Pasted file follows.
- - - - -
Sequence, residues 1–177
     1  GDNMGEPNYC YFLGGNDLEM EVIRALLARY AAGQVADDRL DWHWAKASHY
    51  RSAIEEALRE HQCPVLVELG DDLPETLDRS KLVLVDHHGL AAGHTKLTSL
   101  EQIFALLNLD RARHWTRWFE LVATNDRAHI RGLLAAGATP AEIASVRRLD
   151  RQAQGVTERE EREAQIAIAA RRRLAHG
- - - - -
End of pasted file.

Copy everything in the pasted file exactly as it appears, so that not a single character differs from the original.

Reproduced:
Sequence, residues 1–177
     1  GDNMGEPNYC YFLGGNDLEM EVIRALLARY AAGQVADDRL DWHWAKASHY
    51  RSAIEEALRE HQCPVLVELG DDLPETLDRS KLVLVDHHGL AAGHTKLTSL
   101  EQIFALLNLD RARHWTRWFE LVATNDRAHI RGLLAAGATP AEIASVRRLD
   151  RQAQGVTERE EREAQIAIAA RRRLAHG